Understanding SAS, SATA, SCSI and ATA
This guide is designed to help you understand the differences between parallel and serial interfaces, including SCSI, ATA, SAS and SATA.
For years the parallel interface has been widely used in storage systems. The need for increased bandwidth and flexibility in storage systems made the SCSI and ATA standards an inefficient option. A parallel interface is a channel capable of transferring data in parallel mode — that is transmitting multiple bits simultaneously. Almost all personal computers come with at least one parallel interface. Common parallel interfaces include SCSI and ATA.
Short for small computer system interface, a parallel interface standard used by Apple Macintosh computers, PCs and many UNIX systems for attaching peripheral devices to computers. Nearly all Apple Macintosh computers, excluding only the earliest Macs and the recent iMac, come with a SCSI port for attaching devices such as disk drives and printers. SCSI interfaces provide for data transmission rates (up to 80 megabytes per second).
Also known as IDE, ATA is a disk drive implementation that integrates the controller on the disk drive itself. ATA is used to connect hard disk drives, CD-ROM drives and similar peripherals and supports 8/16-bit interface that transfer up to 8.3MB/s for ATA-2 and up to 100MB/s (ATA-6).
So, what do parallel interfaces have to do with SAS (Serial Attached SCSI) and SATA (Serial ATA) drives? A lot, actually. It is the architectural limitations of the parallel interfaces that serial technologies like SAS and SATA address. In contrast to multiple parallel data stream, data is transmitted serially, that is in a single steam, by wrapping multiple bits into packets and it is able to move that single stream faster than parallel technology.
Serial Attached SCSI (SAS)
Abbreviated as SAS, Serial Attached SCSI, an evolution of parallel SCSI into a point-to-point serial peripheral interface in which controllers are linked directly to disk drives. SAS is a performance improvement over traditional SCSI because SAS enables multiple devices (up to 128) of different sizes and types to be connected simultaneously with thinner and longer cables; its full-duplex signal transmission supports 3.0Gb/s. In addition, SAS drives can be hot-plugged.
Serial ATA (SATA)
Often abbreviated as SATA, Serial ATA is an evolution of the Parallel ATA physical storage interface. Serial ATA is a serial link — a single cable with a minimum of four wires creates a point-to-point connection between devices. Transfer rates for Serial ATA begin at 150MB/s.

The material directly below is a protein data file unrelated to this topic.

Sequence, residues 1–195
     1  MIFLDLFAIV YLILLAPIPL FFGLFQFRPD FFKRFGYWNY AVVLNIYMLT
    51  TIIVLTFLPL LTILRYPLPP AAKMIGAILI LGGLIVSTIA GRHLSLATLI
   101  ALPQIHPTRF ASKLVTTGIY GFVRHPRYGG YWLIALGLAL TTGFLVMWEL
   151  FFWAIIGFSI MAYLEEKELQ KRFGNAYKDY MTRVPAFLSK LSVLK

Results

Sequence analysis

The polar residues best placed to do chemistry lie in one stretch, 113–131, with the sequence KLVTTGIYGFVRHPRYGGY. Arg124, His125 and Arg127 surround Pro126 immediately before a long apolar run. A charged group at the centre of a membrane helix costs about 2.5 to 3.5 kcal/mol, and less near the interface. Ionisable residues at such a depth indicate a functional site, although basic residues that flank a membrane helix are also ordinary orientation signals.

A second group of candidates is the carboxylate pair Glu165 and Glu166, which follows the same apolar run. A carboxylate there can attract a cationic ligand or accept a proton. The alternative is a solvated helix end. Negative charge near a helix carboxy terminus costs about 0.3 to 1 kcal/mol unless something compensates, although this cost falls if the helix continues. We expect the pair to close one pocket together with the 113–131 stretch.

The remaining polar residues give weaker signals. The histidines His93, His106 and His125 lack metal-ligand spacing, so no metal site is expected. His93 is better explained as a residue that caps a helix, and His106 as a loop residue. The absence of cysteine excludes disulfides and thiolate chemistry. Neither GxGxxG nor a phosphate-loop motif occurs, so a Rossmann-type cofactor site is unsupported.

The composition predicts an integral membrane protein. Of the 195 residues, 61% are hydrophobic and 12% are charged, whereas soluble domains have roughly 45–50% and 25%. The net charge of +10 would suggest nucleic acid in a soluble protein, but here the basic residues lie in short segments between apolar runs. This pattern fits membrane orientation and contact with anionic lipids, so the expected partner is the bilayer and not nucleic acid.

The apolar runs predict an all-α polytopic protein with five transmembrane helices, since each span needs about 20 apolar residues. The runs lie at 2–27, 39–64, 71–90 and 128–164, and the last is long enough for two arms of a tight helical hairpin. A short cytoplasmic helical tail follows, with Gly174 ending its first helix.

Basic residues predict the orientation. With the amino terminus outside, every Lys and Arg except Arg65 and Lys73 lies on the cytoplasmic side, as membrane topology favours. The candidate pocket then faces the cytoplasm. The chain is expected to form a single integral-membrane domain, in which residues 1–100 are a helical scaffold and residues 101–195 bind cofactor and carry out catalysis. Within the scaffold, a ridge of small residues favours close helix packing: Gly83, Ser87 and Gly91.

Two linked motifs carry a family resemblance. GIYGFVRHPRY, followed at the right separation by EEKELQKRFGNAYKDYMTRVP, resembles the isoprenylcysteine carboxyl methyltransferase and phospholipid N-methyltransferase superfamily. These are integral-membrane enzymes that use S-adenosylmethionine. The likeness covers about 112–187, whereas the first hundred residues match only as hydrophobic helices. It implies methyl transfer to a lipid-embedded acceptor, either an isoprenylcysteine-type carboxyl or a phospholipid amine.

Starting with SATA, it extends the capabilities of ATA and offers transfer rates starting at 150MB/s and, after years of development, has moved to the mainstream of disk interfaces. The successor the SCSI interface is SAS at speeds of up to 3Gb/s. Additionally, it also addresses parallel interface issues such as drive addressability and limitations on the number of device per port connection.
SAS devices can communicate with both SATA and SCSI devices (the backplanes of SAS devices are identical to SATA devices). A key difference between SCSI and SAS devices is the addition in SAS devices of two data ports, each of which resides in a different SAS domain. This enables complete failover redundancy. If one path fails, there is still communication along a separate and independent path.
Cables & Connectors
Another big advantage of SATA over ATA is the cabling and connectors. The serial interface reduces the amount of wires needed to transmit data, making for much smaller cable size and making it easier to route and install SATA devices. The IDE cables used in parallel ATA systems are bulkier than Serial ATA cables and can only extend to 40cm long, while Serial ATA cables can extend up to one meter. In addition to the cabling, a new design of connectors is also used that reduces the amount of crosstalk between the wires, and the connector design also provides easier routing and better air flow.
The Benefits of SAS & SATA in Storage
Serial interfaces offer an improvement over older parallel SCSI (with a serial version) in storage applications and environments. These benefits include better performance, better scalability, and also better reliability as the parallel interfaces are at their limits of speed with reliable data transfers. SAS and SATA drives can also operate in the same environment while SCSI and ATA cannot. For example, using faster SAS drives for primary storage and offloading older data to cheaper SATA disks in the same subsystem, something that could not be achieved with SCSI and ATA.
Based in Nova Scotia, Vangie Beal is has been writing about technology for more than a decade. She is a frequent contributor to EcommerceGuide and managing editor at Webopedia. You can tweet her online @AuroraGG.
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